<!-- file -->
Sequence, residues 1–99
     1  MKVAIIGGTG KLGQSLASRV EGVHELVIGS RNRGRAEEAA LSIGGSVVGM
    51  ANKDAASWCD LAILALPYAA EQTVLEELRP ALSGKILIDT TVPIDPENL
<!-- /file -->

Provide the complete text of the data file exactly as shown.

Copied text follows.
Sequence, residues 1–99
     1  MKVAIIGGTG KLGQSLASRV EGVHELVIGS RNRGRAEEAA LSIGGSVVGM
    51  ANKDAASWCD LAILALPYAA EQTVLEELRP ALSGKILIDT TVPIDPENL